Too high: Older drugs work well for hypertension, new medications show little innovation

HCTZ, lisinopril, and amlodipine are effective drugs often used together. Most people require two or three different medications to fully control blood pressure (just like Margaret). Occasionally, patients require even more drugs.

The three top drugs are low cost older drugs. HCTZ, first available in 1959, costs pharmacies only $4.29 for one patient’s annual supply. Lisinopril (introduced in 1987 and costs pharmacies $6.33 per year per patient) and amlodipine (introduced in 1992 and costs pharmacies $5.66 per year per patient) are also inexpensive.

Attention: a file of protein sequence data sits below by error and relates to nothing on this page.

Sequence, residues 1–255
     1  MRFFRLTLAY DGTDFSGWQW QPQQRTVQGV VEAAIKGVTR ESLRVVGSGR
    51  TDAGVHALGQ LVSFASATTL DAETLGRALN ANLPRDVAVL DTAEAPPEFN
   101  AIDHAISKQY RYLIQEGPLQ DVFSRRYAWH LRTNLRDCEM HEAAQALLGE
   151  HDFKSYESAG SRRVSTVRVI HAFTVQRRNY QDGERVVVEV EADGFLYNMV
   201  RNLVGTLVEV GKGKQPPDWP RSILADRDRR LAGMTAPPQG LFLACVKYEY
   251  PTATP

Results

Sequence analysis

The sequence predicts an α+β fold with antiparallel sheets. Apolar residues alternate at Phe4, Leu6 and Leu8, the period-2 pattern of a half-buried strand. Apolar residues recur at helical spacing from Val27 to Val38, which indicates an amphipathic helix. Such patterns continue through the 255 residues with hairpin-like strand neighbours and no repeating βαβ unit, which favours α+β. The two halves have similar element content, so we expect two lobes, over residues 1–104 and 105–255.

There are newer drugs, but they aren’t breakthroughs. Many resemble existing medications or are simply combinations of already available drugs. For most patients, they are not worth their significant extra cost. For example, azilsartan, a new angiotensin receptor blocker introduced in 2011, costs a pharmacy $2,000 per year per patient.

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